The minimum entry age should be no younger than 17, and the minimum length required to remain in the intermediate stage should be no less than 12 months, regardless of age at the time of entry. This ultimately means that the minimum possible age to progress to full licensure should be 18 years old. Requirements for obtaining an intermediate license should include passing an on-road, standardized entry-test. This test should include hazard perception skills, and in-vehicle monitoring technology is encouraged as a means of objectively assessing driving skills and abilities.
Restrictions for intermediate license holders should include unsupervised nighttime driving restrictions beginning at 9-10 pm and ending no earlier than 5 am. With the exception of a supervising driver and family members, intermediate license holders should be restricted to have no more than one teenage passenger in the vehicle at all times. Additionally, phone and electronic device use should be prohibited, and vehicle decals should be required for all intermediate license holders to help police enforce GDL laws and encourage compliance with GDL restrictions. In order to progress to a full, unrestricted license, intermediate license holders should be required to pass an advanced on-road or computer-based exit test that includes measures of higher-order driving skills such as hazard perception, situational awareness, and decision-making.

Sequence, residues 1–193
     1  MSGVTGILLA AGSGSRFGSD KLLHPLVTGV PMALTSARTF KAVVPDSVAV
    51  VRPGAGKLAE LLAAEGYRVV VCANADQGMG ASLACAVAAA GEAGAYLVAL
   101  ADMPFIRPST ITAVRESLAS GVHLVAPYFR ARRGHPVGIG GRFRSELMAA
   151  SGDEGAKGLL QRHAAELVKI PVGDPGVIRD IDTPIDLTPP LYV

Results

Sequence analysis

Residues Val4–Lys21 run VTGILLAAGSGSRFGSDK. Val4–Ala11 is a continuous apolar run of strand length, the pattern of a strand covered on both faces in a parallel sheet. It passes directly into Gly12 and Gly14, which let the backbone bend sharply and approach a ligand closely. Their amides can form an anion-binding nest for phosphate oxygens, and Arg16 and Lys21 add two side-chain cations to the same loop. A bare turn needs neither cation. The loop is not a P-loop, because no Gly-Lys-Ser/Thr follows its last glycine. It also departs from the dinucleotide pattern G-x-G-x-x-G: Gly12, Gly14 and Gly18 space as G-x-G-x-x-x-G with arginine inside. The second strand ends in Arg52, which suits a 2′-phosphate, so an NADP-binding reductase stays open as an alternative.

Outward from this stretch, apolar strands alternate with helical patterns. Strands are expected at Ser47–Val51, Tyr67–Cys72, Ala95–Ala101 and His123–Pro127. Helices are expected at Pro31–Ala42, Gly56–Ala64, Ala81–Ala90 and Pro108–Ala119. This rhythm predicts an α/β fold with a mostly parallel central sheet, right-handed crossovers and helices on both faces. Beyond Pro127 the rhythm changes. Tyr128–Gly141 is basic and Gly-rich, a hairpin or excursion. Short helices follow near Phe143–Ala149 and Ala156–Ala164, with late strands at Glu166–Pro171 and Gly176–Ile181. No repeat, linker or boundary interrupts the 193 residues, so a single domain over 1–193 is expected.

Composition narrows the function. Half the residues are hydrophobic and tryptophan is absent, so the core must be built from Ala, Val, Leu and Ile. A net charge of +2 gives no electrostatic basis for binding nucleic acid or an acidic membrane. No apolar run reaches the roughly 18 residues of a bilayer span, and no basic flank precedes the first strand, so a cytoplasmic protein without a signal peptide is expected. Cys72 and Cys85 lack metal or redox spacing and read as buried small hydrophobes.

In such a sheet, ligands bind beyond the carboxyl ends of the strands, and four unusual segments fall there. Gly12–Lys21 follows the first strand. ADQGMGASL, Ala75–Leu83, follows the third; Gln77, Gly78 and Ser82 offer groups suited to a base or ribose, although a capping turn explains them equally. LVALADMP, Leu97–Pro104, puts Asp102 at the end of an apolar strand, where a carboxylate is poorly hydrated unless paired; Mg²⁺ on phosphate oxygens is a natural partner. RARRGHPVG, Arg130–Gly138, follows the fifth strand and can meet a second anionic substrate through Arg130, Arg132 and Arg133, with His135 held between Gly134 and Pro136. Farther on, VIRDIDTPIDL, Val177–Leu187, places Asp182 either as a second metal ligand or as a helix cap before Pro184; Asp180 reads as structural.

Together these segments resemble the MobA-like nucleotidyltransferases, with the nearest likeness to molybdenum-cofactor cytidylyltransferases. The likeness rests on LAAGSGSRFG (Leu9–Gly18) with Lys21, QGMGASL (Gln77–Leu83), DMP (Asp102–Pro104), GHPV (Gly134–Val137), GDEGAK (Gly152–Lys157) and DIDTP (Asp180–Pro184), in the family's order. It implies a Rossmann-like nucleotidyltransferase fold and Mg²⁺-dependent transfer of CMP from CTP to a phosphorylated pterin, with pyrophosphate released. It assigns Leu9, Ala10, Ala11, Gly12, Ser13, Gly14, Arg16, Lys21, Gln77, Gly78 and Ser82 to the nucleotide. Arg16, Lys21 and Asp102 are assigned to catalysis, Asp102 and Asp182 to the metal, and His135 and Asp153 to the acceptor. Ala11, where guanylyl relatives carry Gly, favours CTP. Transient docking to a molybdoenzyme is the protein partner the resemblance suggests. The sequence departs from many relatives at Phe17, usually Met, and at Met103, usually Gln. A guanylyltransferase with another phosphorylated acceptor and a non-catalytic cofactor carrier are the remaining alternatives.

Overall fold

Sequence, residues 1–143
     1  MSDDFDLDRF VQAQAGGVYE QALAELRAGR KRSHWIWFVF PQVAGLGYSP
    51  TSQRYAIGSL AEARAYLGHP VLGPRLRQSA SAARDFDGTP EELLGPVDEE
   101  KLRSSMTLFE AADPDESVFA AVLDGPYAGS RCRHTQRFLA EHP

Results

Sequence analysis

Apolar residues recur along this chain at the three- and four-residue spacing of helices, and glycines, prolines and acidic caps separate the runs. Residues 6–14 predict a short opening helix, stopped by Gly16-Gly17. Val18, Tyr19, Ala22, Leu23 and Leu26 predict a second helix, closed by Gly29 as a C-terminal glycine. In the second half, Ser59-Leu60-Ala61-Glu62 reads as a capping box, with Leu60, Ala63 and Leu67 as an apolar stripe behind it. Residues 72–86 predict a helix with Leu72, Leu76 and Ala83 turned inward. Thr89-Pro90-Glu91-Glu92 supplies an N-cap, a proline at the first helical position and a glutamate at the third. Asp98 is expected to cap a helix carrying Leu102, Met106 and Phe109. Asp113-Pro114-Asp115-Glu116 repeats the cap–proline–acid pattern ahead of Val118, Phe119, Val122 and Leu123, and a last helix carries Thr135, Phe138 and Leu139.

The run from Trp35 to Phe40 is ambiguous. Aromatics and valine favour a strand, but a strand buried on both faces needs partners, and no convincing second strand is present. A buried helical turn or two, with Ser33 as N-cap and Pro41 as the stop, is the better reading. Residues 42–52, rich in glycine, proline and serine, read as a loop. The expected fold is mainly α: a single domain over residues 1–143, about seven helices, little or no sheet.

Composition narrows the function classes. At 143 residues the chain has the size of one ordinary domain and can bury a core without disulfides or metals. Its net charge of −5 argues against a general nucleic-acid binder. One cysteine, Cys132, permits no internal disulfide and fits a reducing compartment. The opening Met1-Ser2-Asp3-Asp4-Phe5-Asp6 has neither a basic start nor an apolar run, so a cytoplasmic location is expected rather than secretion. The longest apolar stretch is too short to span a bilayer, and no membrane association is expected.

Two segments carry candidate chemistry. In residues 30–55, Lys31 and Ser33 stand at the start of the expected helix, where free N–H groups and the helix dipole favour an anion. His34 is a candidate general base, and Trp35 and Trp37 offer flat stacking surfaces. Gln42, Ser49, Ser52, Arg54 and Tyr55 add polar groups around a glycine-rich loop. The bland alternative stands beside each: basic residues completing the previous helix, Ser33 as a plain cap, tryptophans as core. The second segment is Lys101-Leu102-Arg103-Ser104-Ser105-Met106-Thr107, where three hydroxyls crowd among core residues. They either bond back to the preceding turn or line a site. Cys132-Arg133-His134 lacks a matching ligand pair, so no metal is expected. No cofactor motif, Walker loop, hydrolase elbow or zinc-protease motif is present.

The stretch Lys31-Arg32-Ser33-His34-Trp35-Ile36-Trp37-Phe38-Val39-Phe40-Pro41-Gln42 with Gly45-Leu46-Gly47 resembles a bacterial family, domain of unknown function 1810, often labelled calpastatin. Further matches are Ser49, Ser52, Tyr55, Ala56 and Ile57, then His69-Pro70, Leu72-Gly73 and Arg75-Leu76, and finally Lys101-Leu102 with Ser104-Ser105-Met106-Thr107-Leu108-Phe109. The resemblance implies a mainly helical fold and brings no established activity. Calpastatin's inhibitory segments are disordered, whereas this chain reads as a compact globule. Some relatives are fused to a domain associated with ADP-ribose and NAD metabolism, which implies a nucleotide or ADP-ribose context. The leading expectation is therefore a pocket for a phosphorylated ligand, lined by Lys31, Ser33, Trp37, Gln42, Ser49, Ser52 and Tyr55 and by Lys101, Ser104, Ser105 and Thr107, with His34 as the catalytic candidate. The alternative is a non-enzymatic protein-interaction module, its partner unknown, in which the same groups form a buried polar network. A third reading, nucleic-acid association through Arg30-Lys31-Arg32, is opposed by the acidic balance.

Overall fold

In summary, the GDL is an essential step towards reducing the risk of motor vehicle crashes, injuries, and death. The use of seat belts, avoiding distractions like alcohol, drugs, and texting, and having good driving behavior can all help save lives. Young drivers should be educated about their responsibility as drivers and the
Teenage driver safety highlights
- GDL (Graduated Driver Licensing) should apply to all beginner drivers, regardless of age, with a minimum entry age of 16 and a minimum of 12 months in the learner stage.
- Learner drivers should complete a minimum of 50 hours of supervised driving, with log books required to promote compliance and seatbelt use and phone/electronic device use prohibited.
- Driver education should be regulated to meet Novice Teen Driver Education and Training Administrative Standards, including an initial phase of driver education for young learners that is teen-oriented and encourages parental involvement.
- The intermediate stage should have a minimum entry age of 17, with no exemptions for drivers who have completed driver education courses and a minimum length of 12 months.
- Restrictions for intermediate drivers should include unsupervised nighttime driving restrictions beginning at 9-10 pm and ending no earlier than 5 am, restrictions on the number of teenage passengers, and vehicle decals to encourage compliance with GDL restrictions. Intermediate drivers should also be required to pass an advanced on-road or computer-based exit test to progress to a full, unrestricted license.